No One Saw A Thing opens with sweeping drone footage and shots of a truck barreling down an empty road. For local viewers, the sparse plains and farmland surrounding the small town of Skidmore, Mo., will be intensely familiar. In a lot of ways, Skidmore is no different to any other small Missouri town, but its history is overflowing with tragedy and darkness. Director Avi Belkin takes an intimate look at Skidmore and its violent history from the viewpoint of its aging citizens.
The six-part Sundance documentary details the town’s downward spiral and struggle with gruesome crimes, the possibility that they all stem from the stunning vigilante killing of the town’s most infamous bully and the supposed “curse” brought on them by their silence in its aftermath.
This is not your typical true crime documentary. Though the murder of Ken Rex McElroy remains officially unsolved, one thing has been certain since nearly half the town gathered around his truck and watched as he was shot dead: they know who did it. His murderer or murderers were Skidmore residents, protected by the townsfolk in what was called “a conspiracy of silence.”
Some of the citizens were truly happy to see McElroy gone, as he had a reputation for terrorizing his hometown. Some went so far as to say that if no one else had done it, they would have killed him themselves. Others were disgusted by the mob mentality that led to his death and certain that no one deserves to be murdered. Regardless of their opinion, however, they all agreed: in Skidmore, you don’t talk about who it was who really fired the shots.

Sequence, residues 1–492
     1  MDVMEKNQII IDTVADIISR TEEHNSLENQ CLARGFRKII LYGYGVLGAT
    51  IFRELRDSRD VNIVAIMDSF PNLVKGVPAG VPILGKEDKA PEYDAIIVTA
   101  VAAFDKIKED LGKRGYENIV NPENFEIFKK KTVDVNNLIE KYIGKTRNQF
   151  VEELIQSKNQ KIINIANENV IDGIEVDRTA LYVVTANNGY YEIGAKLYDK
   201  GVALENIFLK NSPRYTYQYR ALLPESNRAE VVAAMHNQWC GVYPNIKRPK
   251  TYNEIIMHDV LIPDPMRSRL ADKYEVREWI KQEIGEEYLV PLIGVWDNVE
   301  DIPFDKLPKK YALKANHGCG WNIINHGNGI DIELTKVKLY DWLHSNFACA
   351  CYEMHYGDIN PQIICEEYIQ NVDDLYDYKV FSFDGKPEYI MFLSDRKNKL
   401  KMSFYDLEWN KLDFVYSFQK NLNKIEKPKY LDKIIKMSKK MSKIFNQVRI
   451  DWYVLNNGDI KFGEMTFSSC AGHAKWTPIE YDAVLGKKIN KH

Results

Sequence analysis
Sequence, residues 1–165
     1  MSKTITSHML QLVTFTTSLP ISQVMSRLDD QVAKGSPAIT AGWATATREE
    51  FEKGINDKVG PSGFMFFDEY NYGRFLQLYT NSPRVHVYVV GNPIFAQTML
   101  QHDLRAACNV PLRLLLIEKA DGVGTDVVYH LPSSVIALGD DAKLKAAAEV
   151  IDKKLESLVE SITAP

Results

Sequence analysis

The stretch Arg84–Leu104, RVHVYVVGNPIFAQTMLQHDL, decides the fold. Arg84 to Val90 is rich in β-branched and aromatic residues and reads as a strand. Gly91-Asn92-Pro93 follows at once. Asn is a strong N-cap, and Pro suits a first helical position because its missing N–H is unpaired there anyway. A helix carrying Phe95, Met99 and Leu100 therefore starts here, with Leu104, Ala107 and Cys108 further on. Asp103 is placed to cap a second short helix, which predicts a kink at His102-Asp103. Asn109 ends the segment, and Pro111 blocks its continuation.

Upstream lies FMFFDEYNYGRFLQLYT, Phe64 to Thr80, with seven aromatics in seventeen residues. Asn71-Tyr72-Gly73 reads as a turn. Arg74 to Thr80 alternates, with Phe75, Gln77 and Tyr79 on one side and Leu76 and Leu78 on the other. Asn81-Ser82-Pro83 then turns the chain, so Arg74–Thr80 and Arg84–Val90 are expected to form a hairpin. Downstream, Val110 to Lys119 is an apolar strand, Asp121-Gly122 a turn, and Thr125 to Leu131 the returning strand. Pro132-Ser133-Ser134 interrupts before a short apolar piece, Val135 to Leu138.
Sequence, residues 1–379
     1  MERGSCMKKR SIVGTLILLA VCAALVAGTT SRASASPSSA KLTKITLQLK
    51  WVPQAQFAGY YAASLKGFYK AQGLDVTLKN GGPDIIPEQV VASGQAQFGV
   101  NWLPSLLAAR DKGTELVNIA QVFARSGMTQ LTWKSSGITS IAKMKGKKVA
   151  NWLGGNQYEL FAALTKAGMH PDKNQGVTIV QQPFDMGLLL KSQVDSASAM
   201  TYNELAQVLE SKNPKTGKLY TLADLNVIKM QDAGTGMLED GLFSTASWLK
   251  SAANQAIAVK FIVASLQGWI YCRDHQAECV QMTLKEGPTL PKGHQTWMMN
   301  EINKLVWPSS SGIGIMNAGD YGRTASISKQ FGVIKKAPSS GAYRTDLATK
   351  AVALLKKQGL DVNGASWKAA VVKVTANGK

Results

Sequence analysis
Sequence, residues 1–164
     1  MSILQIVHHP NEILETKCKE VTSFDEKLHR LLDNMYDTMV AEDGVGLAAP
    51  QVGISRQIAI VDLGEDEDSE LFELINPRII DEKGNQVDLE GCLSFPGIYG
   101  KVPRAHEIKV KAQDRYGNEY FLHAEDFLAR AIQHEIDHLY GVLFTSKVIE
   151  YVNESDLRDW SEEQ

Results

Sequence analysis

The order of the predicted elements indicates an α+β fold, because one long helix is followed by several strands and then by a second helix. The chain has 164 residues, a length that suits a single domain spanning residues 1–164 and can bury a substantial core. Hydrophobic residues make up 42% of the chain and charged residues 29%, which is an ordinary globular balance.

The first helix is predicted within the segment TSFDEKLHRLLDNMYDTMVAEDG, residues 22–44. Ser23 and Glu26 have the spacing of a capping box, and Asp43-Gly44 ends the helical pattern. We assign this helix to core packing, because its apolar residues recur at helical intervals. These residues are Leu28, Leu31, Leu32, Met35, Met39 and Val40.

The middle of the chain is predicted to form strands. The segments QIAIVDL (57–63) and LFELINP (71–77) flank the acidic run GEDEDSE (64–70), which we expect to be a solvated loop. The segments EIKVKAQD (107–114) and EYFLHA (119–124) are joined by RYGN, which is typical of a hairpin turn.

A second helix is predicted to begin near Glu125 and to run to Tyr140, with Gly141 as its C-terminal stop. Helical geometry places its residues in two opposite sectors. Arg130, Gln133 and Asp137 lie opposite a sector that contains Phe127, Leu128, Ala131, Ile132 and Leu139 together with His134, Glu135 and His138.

It is this joint decision to keep quiet that every member of this tiny town of only around 200 people has to sit with. They have the ability to solve a murder, yet they don’t. Belkin chooses to focus his six-part series not on this one killing as a singular act, but rather on the trauma that it and its subsequent cover-up caused. For years after the killing, Skidmore was plagued by mysterious disappearances and gruesome murders, which some view as payment for their silence.
Belkin takes our idealistic American view of small town life and turns it on its head. In a place where everyone knows everyone’s business, what happens when the secrets become more than just idle gossip? Yet despite the dark subject matter, you cannot deny the genuine bond that the people of Skidmore have with one another. Each of the many citizens interviewed has a deep connection to one another, from their kids being raised together to being old bandmates in the ’70s.
This isn’t the story of an evil town, but rather, it's the story of how evil acts bring out the worst in even the kindest of people. In this sense, it is incredibly compelling. Occasionally repetitive and certainly lengthy at an over four hour run time across six episodes, No One Saw A Thing is gorgeous and simplistic in its cinematography, which makes it hard to look away. Though one could argue that the story follows no real plot, the point of this documentary seems not to be an informative piece but rather a work that drives the viewer to question their own morals. What would you have done?